Boak joined Port Adelaide as pick No.5 in the 2006 AFL national draft which left Adelaide frustrated in being denied Bryce Gibbs as a father-son pick (he went to Carlton as robe No.1 pick). The Crows also knew fellow Glenelg player James Sellar had been eagerly scouted by Power premiership coach Mark Williams as the “next best” local talent.

Port Adelaide’s recruiting team won the debate on looking beyond South Australia – and that argument even continued at the draft table – by claiming Boak while Sellar went to Adelaide at pick No.11.

Boak has played the most AFL games (305 to date) of all the men recruited with top-10 picks in that national draft. His resume includes most AFL games for Port Adelaide (a record he took from 300-game premiership hero Kane Cornes earlier this year), three All-Australian honours (2013, 2014 and 2020), two John Cahill Medals as Port Adelaide club champion (2011 and 2019) and three Showdown Medals as best -afield in the derbies with Adelaide (2013, 2020 and this year).

But there is no AFL premiership medal.

Should this define Boak?

In the lead-up to his 300th game, played against Collingwood behind locked gates at Melbourne’s Docklands Stadium after originally being assigned to Adelaide Oval, Boak answered this question saying: “If we talk success, then the premiership is the one. I would love to win one. No doubt that is my dream. But success for me is about becoming the best athlete and person I can.”

There was a time when Port Adelaide league footballers celebrated premierships before reaching their 100-game milestone. That was the SANFL State league, however, and the national AFL has proven to test Port Adelaide in far more than just winning football matches.

Boak has played in two AFL preliminary finals, losing to eventual premiers Hawthorn by three points at the MCG in 2014 and by six points to defending champions Richmond at Adelaide Oval last year, since the 2007 Grand Final.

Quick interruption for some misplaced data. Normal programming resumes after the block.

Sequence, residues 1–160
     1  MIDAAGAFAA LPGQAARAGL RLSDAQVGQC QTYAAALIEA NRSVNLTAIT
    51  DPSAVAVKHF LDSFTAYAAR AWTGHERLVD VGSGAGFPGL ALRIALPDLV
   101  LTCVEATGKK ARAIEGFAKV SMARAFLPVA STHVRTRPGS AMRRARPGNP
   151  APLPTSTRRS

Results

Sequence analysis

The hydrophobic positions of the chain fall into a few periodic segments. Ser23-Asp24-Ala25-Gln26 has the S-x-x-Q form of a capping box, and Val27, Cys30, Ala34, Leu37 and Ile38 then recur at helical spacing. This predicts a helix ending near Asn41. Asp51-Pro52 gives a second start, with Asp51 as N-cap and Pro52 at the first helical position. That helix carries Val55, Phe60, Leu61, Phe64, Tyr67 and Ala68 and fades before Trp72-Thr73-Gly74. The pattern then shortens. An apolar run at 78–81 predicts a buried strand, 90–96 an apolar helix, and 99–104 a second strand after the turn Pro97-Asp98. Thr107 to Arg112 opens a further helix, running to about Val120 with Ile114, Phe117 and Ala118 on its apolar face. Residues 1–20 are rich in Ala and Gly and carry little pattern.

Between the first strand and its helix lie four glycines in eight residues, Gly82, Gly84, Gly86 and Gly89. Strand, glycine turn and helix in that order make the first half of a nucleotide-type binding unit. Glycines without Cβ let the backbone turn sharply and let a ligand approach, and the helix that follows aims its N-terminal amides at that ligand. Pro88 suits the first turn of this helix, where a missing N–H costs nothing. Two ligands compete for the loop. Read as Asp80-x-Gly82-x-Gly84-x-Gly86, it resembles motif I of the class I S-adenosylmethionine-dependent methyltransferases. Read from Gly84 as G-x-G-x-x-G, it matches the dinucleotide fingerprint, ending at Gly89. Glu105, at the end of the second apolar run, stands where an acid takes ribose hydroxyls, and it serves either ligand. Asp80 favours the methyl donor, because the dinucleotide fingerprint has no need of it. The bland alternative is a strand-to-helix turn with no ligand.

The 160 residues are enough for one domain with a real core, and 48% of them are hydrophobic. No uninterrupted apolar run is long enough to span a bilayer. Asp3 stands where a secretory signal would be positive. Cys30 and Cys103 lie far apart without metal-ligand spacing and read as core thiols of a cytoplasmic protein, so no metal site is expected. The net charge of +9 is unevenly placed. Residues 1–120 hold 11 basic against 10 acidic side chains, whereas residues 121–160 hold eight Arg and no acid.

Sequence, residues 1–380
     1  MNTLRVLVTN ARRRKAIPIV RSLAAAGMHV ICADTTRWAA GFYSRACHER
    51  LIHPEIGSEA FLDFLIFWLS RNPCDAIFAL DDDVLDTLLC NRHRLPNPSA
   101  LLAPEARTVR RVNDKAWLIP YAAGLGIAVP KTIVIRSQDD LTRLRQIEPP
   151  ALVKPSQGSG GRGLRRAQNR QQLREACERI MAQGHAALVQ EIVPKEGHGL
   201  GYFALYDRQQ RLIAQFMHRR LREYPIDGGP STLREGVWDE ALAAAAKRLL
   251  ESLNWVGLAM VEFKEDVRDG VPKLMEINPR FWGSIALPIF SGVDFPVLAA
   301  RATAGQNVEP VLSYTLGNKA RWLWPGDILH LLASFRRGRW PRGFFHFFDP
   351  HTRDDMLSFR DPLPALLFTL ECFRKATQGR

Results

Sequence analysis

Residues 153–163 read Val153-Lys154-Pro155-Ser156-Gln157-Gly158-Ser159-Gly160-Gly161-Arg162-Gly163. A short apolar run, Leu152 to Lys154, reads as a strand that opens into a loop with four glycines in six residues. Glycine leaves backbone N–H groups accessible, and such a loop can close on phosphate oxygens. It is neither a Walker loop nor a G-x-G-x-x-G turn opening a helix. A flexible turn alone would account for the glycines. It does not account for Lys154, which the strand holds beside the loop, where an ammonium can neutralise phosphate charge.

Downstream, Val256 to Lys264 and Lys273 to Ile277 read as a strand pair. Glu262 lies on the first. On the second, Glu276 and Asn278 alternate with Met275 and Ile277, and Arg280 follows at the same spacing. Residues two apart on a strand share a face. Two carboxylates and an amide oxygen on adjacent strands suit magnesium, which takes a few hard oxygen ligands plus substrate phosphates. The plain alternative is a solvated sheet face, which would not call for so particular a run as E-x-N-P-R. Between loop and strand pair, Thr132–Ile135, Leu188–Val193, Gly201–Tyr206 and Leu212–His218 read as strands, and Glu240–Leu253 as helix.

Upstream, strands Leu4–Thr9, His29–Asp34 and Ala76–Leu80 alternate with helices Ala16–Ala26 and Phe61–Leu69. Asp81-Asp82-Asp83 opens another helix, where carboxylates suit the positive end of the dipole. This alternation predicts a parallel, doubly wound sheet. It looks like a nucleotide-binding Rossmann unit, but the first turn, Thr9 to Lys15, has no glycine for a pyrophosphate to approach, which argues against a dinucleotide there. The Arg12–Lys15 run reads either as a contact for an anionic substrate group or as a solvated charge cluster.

Boak’s resume remains open to adding a hard-earned premiership.

“Whatever that may be, with a premiership or without,” says Boak. “I can leave the game knowing I gave everything I could and helped others along the way. That is the success I want.

“I would love to have that premiership medallion, but a lot of that is out of my control.

“I just want to go about my career finishing off as the best athlete I can possibly be. And that is about helping our footy club and our younger players become great athletes as well as great people. That is the ultimate success for me.

“At this stage, I have no limit to where I want to get to. My body and my mind – and I do love the game as much as I ever have – feel really good. I am really energised to keep learning, to keep growing, to keep getting better, to keep helping our younger guys come through.

“I don’t have a number (of games) in mind. It is just continue to play footy and continue to enjoy footy and the moment I don’t enjoy getting the most out of myself and wanting to train and get better is probably the time I will be ready to hang it up. But at this stage I still enjoy it as much as ever, so I have no end in mind. And hopefully there are still plenty of years left.”

Australian football’s gallery of superstars is crowded with players who have built up a grand collection of individual awards such as Brownlow Medals, club champion titles and All-Australian blazers – but not the ultimate team success that is measured by premierships.

Some refuse to be defined by this, as emphasised by Collingwood ruckman, South Australian Brodie Grundy at the start of the season in March. He said: “A lot of the messaging (in Australian sport) is, ‘Your career is only successful if you win a premiership’. It has never made sense to me. How can you go through 15 years of your life playing at the highest level but not see it as a success?”

Indeed, without a premiership Travis Boak always will be hailed for his part in keeping the Port Adelaide Football Club afloat. But with a premiership, the storyline seems much more complete.

This is why Ollie Wines and his Port Adelaide team-mates will be trying to win one for Trav.